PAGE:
Step 5: Electronics! (Bling, Bling)

After painting the masks, it was time to put the LEDs in. Although, when I think about it know, holes for LEDs could have been made before painting. Otherwise, you’ll have some white newspaper visible around the LEDs, unless you cover them with something – like a table tennis ball, or LED holders (like we did).

Soldering. When all the holes were cut, we prepared the LEDs. We joined all the LEDs in parallel and then soldered a 100 ohm current limiting resistor on each positive connection. This is an important part. Don’t forget to put the resistors in, otherwise you’ll drain the batteries in 30 minutes or so (it is because LEDs are a little like transistors and will drain as much current as they can. Read more about it online). Also, to make connecting the wires to my Arduino easier, I soldered header pins. They prevent wires from accidentally disconnecting and make a lot easier taking the Arduino out.

Step 6: Test the LEDs

When everything was connected, I checked that everything worked the way it should. Afterwards, I uploaded a short sketch to test the LEDs one color at a time. Had to change one RGB LED, as it was faulty. After that was done, we’ve put all the electronics inside and glued the table tennis eyes on.


Here's the code that I used to check the LEDs:


// Mood Lamp

float RGB1[3];
float RGB2[3];
float INC[3];

int red, green, blue;

int redPin = 11;
int greenPin = 10;
int bluePin = 9;

void setup(){
randomSeed(analogRead(0));
RGB1[0] = 0;
RGB1[1] = 0;
RGB1[2] = 0;

RGB2[0] = random(256);
RGB2[1] = random(256);
RGB2[2] = random(256);
}

void loop(){
randomSeed(analogRead(0));

for (int x=0; x<256; x++){
INC[x] = (RGB1[x] - RGB2[x]) / 256; }

for (int x=0; x<256; x++){
red = int(RGB1[0]);
green = int(RGB1[1]);
blue = int(RGB1[2]);

analogWrite(redPin, red);
analogWrite(greenPin, green);
analogWrite(bluePin, blue);
delay(10);

RGB1[0] -= INC[0];
RGB1[1] -= INC[1];
RGB1[2] -= INC[2];
}

for (int x=0; x<3; x++){
RGB2[x] = random(556)-300;
RGB2[x] = constrain(RGB2[x], 0, 255);
delay(200);
}
}

Step 7: More Electronics and More Testing!

Masks were starting to look really good at this point. Now we had to decide on how to put the EL wires on our masks. After some time prototyping with the masking tape, we finally decided on the positioning, and glued the EL wire using clear hobby glue. As soon as the glue had cured, we put in some batteries. Time for a full test run!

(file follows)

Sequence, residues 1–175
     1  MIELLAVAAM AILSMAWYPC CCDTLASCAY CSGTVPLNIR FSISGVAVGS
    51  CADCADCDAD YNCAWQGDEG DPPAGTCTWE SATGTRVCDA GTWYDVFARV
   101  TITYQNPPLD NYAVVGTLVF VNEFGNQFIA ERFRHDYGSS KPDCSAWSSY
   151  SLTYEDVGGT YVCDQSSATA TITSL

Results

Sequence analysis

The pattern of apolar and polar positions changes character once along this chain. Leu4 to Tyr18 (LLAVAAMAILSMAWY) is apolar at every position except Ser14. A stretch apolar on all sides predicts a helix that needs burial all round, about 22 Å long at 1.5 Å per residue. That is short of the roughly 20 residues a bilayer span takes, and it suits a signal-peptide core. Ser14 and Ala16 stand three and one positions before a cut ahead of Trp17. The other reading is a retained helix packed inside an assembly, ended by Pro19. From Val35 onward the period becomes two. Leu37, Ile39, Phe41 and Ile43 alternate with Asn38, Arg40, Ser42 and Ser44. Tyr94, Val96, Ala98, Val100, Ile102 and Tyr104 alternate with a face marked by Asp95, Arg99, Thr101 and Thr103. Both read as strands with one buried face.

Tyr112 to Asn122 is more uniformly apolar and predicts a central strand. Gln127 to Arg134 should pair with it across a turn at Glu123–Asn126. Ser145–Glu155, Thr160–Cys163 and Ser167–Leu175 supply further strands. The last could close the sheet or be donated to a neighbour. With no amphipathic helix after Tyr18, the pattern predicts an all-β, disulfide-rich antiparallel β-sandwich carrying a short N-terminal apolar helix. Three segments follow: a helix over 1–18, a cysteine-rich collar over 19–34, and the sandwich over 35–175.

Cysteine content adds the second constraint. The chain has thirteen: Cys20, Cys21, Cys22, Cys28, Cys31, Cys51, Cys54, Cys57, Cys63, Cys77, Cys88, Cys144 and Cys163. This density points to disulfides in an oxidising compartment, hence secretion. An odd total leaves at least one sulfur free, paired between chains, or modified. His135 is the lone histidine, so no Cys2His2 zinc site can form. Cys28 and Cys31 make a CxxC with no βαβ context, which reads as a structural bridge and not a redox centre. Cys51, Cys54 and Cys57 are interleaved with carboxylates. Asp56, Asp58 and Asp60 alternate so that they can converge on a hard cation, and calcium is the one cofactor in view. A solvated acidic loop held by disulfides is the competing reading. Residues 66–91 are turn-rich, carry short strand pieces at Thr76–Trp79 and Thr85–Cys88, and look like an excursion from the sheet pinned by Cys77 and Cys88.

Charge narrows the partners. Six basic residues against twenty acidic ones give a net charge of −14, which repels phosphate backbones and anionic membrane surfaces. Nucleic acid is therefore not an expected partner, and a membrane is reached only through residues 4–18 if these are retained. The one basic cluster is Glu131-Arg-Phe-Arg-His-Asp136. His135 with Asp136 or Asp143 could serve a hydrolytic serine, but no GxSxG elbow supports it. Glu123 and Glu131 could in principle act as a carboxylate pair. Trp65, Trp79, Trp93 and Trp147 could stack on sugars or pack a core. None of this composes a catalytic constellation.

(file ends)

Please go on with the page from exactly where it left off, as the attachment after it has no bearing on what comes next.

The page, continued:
Step 8: Foam Inserts

What we noticed from the beginning, is that there’s quite a lot of space around the head and the masks don’t sit the way we want. With all the additional weight from batteries and Arduino it got even worse. For testing we used some cardboard spacers around the head, to hold the mask. Later on we bought some foam from our local foam shop and made proper lining. Foam not only helped to keep the helmet well positioned at all times, but all the electronics were hidden under the foam, so no additional holders were needed. Win!

On my helmet I used a belt holder for batteries. Only the Arduino and EL wire inverter were in the helmet.

After having all the parts cut from foam, dry fitted and tested we glued them in using some multi purpose hobby glue that we found in Homebase. Although, hot glue would have done the job perfectly too.

Step 9: Let the Magic Begin. Time to Code!

Finally, after putting the lining in, it was time to make the helmets awesome! By that, I meant, it was time to program the Arduino. My code basically iterates the RGB colors and after some time it “pulses” the red LEDs on the top of the helmet. Then repeats all over again.

// Halloween Mask 
float RGB1[3];
float RGB2[3];
float INC[3];